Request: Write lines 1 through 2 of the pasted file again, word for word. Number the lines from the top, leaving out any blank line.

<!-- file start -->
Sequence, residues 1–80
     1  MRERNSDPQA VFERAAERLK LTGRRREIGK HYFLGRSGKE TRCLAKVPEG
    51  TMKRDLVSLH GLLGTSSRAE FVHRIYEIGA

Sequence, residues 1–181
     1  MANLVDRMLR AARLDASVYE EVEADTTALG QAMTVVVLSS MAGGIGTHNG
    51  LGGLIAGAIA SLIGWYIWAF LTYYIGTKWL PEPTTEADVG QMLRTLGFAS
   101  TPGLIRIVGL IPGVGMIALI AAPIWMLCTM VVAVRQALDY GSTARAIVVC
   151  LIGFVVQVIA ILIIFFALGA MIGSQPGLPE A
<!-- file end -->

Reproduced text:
Sequence, residues 1–80
     1  MRERNSDPQA VFERAAERLK LTGRRREIGK HYFLGRSGKE TRCLAKVPEG